Wood is extensively used in sculpting especially in countries like China, Germany, and Japan. One feature that makes the wood extremely suitable for making statues and sculptures is that it is light and can take very fine detail. It is easier for artists to work with wood than with other materials such as metal or stone. Both hardwoods, as well as softwood, are used for making sculptures. Wood is mainly used for indoor sculptures because it is not as durable as stone. Changes in weather cause wooden sculptures to split or be attacked by insects or fungus. The principal woods for making sculptures and statues are cedar, pine, walnut, oak, and mahogany. The most common technique that sculptors use to make sculptures out of wood is carving with a chisel and a mallet. Since wooden statues are prone to damage, fire, and rot, they require proper care and maintenance.


  • Wood tends to expand and contract even after it has been processed, thus it is always recommended to keep the wooden sculptures in rooms with little humidity. Excess moisture can harm your masterpiece.


  • Periodical dusting of the finished piece is necessary to maintain its beauty as dust accumulation on the surface takes away the shine of the sculpture. You can use a clean and soft cloth or a hairbrush for this purpose.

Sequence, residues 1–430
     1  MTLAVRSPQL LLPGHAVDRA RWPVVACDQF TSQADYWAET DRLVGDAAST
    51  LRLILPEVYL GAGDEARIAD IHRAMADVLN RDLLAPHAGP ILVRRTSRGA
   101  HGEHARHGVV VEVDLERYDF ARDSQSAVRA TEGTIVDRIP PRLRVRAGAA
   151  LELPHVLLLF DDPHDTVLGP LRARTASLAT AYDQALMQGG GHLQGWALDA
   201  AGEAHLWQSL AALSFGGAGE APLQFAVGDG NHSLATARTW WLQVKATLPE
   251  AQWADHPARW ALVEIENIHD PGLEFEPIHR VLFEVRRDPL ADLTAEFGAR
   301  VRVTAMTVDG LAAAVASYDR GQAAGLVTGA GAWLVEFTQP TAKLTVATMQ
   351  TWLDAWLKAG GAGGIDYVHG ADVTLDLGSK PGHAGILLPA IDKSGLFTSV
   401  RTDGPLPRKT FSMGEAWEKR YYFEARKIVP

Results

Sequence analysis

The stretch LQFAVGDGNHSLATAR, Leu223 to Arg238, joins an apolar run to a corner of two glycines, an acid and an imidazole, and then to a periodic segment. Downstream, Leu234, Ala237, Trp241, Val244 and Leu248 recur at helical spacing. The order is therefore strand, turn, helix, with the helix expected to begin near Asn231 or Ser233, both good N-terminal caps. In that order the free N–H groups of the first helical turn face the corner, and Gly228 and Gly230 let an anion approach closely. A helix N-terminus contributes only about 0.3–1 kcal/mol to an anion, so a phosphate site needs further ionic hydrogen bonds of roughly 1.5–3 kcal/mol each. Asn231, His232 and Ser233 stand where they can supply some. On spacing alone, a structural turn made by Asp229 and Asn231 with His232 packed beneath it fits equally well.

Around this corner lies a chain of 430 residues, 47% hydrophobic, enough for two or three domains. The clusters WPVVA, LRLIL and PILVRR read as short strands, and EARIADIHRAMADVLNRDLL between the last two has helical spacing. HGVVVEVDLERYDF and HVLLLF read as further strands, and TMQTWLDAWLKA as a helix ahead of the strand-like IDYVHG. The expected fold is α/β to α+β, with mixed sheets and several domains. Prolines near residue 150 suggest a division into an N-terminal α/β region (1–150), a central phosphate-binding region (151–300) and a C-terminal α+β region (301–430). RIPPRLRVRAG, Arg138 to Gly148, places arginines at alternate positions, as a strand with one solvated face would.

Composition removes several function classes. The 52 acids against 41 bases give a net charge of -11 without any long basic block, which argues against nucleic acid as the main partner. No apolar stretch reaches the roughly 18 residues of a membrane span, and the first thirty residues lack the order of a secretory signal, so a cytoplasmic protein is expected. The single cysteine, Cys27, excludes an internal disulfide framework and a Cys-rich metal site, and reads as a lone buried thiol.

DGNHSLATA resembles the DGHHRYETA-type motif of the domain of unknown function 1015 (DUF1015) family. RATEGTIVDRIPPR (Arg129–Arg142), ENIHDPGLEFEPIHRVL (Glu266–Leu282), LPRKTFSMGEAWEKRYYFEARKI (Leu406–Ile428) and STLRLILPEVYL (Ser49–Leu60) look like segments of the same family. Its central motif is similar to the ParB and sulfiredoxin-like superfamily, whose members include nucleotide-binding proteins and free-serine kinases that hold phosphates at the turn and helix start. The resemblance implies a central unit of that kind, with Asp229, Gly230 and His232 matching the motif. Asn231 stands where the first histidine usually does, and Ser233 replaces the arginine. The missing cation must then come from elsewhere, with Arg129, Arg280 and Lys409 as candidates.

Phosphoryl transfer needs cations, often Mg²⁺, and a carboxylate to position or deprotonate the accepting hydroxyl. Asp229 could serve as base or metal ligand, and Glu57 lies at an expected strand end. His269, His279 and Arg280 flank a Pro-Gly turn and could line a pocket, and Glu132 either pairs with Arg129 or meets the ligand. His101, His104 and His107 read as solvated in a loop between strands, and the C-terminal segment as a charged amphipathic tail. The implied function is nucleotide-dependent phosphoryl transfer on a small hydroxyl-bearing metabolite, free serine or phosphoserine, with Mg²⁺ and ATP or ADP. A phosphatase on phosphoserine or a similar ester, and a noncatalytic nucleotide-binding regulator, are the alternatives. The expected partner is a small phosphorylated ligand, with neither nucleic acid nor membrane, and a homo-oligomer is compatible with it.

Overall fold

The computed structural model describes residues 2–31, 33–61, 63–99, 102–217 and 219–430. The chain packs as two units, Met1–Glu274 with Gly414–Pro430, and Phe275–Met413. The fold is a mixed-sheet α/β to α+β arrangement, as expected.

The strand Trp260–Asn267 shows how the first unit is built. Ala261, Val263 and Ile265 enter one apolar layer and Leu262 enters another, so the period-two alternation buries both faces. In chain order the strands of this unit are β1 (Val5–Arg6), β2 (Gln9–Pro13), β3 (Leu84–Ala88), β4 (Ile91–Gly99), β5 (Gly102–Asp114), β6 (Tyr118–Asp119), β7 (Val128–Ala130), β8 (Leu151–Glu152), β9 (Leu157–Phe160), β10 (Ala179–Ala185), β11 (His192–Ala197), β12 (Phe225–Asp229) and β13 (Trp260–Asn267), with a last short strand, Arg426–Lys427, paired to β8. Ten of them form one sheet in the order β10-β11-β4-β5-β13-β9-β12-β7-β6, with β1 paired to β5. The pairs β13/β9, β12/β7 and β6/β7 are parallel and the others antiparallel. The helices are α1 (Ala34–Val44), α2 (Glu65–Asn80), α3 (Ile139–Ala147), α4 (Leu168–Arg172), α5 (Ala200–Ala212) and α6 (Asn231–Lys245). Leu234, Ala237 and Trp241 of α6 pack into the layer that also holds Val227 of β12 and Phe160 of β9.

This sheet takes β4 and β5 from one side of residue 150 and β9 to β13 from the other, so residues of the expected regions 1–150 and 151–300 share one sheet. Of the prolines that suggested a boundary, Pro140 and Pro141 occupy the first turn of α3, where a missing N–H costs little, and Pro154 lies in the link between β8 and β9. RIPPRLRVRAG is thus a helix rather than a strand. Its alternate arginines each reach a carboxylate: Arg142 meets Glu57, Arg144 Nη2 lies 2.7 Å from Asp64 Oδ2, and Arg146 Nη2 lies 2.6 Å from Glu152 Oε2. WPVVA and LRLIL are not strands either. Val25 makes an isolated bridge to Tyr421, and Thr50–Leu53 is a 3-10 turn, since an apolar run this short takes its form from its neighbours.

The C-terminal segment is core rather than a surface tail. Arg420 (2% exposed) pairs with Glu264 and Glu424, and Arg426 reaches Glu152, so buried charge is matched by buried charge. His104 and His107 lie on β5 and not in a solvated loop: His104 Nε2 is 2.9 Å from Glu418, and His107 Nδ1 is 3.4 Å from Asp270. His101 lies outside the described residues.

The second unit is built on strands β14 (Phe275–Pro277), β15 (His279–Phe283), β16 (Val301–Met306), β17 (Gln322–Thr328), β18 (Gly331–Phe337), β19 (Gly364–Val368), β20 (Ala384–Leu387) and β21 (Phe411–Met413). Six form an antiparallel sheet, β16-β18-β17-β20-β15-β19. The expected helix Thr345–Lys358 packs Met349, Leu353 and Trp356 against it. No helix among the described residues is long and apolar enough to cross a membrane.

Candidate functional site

• You must avoid applying any chemical-based solutions that may damage the wood from the inside. Instead, you can apply lemon oil or coconut oil using a cotton rag to the sculpture to bring out its natural shine. Lemon oil also helps to clean any stains on the sculpture.


  • Applying a layer of beeswax protects the wood from sun damage and hides even the smallest imperfections on the wood.


It is extremely important to preserve and protect wooden sculptures with proper care. A little carelessness and negligence can lead to their decay, resulting in losing all their beauty and strength. Therefore, a regular clean-up of the sculptures is a must to prolong their age and to maintain their shine and luster. 

Sculpting Serenity: Unveiling the Art of Crafting Wood Statues

Wood has been a preferred material for sculptures and statues since ancient times. It is easy to work with than most metals and stones and therefore requires less effort to shape it into any desired shape or form. The texture of the wood gives an element of realism to the sculpture. The selection of an appropriate wood type is necessary for carving. Woods that are too resinous or coniferous are not considered good for carving as their fiber is very soft and thus lacks strength. On the other hand, wood such as Mahogany, Oakwood, Walnut wood, Weet cherry wood, etc., are preferred by sculptors because their fiber is harder.